International
Tables for Crystallography Volume A Spacegroup symmetry Edited by M. I. Aroyo © International Union of Crystallography 2015 
International Tables for Crystallography (2015). Vol. A, ch. 1.4, pp. 5355

The classifications of space groups introduced in Chapter 1.3 allow one to reduce the practically unlimited number of possible space groups to a finite number of spacegroup types. However, each individual spacegroup type still consists of an infinite number of symmetry operations generated by the set of all translations of the space group. A practical way to represent the symmetry operations of space groups is based on the coset decomposition of a space group with respect to its translation subgroup, which was introduced and discussed in Section 1.3.3.2 . For our further considerations, it is important to note that the listings of the general position in the spacegroup tables can be interpreted in two ways:
With reference to a conventional coordinate system, the set of symmetry operations of a space group is described by the set of matrix–column pairs . The set of all translations forms the translation subgroup , which is a normal subgroup of of finite index [i]. If is a fixed symmetry operation, then all the products = = of translations with have the same rotation part W. Conversely, every symmetry operation of with the same matrix part W is represented in the set . The infinite set of symmetry operations is called a coset of the right coset decomposition of with respect to , and its coset representative. In this way, the symmetry operations of can be distributed into a finite set of infinite cosets, the elements of which are obtained by the combination of a coset representative and the infinite set of translations (cf. Section 1.3.3.2 ):where is omitted. Obviously, the coset representatives of the decomposition represent in a clear and compact way the infinite number of symmetry operations of the space group . Each coset in the decomposition is characterized by its linear part and its entries differ only by lattice translations. The translations form the first coset with the identity as a coset representative. The symmetry operations with rotation part form the second coset etc. The number of cosets equals the number of different matrices of the symmetry operations of the space group. This number [i] is always finite and is equal to the order of the point group of the space group (cf. Section 1.3.3.2 ).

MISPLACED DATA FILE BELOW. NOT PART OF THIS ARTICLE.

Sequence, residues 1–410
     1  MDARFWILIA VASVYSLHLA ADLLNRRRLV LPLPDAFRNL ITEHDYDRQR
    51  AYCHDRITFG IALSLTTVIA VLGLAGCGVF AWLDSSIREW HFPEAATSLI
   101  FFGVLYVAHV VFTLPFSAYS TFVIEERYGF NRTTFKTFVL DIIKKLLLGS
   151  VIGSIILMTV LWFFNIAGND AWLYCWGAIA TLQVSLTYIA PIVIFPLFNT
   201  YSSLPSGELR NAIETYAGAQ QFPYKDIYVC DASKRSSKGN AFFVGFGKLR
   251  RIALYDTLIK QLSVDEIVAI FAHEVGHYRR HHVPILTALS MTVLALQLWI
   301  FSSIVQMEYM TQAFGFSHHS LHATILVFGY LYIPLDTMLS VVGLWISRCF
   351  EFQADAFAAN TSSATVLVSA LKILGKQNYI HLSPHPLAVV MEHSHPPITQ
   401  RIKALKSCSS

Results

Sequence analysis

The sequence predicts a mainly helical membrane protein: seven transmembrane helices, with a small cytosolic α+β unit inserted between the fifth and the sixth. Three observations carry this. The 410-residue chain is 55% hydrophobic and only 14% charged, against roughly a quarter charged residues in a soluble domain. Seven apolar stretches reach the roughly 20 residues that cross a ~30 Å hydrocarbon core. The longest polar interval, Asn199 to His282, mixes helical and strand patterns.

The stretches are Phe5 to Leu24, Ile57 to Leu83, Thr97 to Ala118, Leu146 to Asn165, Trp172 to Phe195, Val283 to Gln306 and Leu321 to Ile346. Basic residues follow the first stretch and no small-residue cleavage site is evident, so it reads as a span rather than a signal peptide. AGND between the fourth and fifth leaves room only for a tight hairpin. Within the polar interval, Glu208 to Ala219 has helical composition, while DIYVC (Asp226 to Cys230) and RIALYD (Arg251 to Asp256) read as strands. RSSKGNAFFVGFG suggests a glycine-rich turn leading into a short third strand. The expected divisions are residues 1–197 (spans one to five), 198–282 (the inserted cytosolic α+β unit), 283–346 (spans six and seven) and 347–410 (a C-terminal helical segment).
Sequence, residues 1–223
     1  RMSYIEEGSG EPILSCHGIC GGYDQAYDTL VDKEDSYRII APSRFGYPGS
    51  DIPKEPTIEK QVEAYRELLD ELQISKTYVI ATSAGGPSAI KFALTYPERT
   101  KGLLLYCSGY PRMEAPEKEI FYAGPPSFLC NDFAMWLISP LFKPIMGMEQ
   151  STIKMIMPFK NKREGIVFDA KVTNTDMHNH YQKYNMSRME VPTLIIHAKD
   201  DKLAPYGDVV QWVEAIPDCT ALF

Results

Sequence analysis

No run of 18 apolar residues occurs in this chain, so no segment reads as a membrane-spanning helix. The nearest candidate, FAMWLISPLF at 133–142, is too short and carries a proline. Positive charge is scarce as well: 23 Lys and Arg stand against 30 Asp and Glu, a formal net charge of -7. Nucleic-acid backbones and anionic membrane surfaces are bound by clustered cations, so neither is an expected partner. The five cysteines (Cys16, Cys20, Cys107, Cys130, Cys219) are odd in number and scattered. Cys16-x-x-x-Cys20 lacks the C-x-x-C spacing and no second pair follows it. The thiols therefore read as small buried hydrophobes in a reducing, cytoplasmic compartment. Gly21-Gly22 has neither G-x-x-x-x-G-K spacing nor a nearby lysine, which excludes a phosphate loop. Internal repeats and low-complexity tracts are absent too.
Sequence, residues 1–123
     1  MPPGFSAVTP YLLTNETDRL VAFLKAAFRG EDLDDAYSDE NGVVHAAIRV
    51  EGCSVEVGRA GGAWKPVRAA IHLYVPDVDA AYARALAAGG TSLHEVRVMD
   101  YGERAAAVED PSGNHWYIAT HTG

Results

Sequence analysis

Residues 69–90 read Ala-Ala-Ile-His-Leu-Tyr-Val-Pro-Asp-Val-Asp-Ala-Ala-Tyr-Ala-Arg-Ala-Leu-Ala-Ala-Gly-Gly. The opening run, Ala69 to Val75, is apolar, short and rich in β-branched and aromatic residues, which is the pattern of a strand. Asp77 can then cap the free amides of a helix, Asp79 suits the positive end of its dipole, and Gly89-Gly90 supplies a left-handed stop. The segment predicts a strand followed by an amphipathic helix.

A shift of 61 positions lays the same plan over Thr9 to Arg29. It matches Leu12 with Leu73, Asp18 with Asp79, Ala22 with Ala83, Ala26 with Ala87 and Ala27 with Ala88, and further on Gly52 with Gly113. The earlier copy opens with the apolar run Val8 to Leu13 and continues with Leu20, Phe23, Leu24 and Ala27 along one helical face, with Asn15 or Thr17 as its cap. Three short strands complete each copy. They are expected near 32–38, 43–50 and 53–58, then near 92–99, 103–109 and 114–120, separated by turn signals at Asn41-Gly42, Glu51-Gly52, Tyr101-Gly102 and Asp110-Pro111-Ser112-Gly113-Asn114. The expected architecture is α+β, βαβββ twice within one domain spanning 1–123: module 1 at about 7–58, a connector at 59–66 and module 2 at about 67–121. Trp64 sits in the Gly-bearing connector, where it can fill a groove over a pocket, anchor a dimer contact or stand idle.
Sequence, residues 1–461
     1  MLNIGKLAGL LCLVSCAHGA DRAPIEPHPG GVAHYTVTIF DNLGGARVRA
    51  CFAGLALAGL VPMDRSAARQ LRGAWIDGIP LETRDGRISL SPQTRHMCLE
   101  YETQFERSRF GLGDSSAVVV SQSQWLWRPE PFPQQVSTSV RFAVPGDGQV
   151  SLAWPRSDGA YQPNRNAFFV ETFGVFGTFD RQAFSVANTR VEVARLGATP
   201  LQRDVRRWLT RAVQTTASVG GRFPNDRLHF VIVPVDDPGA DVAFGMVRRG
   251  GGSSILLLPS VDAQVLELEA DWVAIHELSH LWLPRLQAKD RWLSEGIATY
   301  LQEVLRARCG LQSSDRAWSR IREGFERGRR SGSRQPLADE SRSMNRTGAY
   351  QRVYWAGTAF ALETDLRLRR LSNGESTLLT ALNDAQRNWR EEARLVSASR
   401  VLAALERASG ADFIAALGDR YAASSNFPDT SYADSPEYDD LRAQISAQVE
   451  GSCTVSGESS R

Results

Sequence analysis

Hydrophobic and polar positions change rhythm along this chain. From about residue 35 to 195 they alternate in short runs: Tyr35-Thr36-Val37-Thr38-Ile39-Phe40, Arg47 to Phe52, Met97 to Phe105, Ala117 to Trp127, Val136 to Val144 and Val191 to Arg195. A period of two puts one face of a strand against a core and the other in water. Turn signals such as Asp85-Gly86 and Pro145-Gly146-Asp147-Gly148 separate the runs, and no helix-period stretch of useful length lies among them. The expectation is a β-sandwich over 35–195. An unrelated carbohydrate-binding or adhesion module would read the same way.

For each space group, a set of coset representatives of the decomposition is listed under the generalposition block of the spacegroup tables. In general, any element of a coset may be chosen as a coset representative. For convenience, the representatives listed in the spacegroup tables are always chosen such that the components , of the translation parts fulfil (by subtracting integers). To save space, each matrix–column pair is represented by the corresponding coordinate triplet (cf. Section 1.2.2.3 for the shorthand notation of matrix–column pairs).
Example
The right coset decomposition of , No. 14 (unique axis b, cell choice 1) with respect to its translation subgroup is shown in Table 1.4.2.6. All possible symmetry operations of are distributed into four cosets:

The coordinate triplets of the generalposition block of (unique axis b, cell choice 1) (cf. Fig. 1.4.2.1) correspond to the coset representatives of the decomposition of the group listed in the first line of Table 1.4.2.6.
When the space group is referred to a primitive basis (which is always done for `P' space groups), each coordinate triplet of the generalposition block corresponds to one coset of , i.e. the multiplicity of the general position and the number of cosets is the same. If, however, the space group is referred to a centred cell, then the complete set of generalposition coordinate triplets is obtained by the combinations of the listed coordinate triplets with the centring translations. In this way, the total number of coordinate triplets per conventional unit cell, i.e. the multiplicity of the general position, is given by the product , where [i] is the index of in and [p] is the index of the group of integer translations in the group of all (integer and centring) translations.
Example
The listing of the general position for the space–group type Fmm2 (42) of the spacegroup tables is reproduced in Fig. 1.4.2.2. The four entries, numbered (1) to (4), are to be taken as they are printed [indicated by (0, 0, 0)+]. The additional 12 more entries are obtained by adding the centring translations to the translation parts of the printed entries [indicated by , and , respectively]. Altogether there are 16 entries, which is announced by the multiplicity of the general position, i.e. by the first number in the row. (The additional information specified on the left of the generalposition block, namely the Wyckoff letter and the site symmetry, will be dealt with in Section 1.4.4.)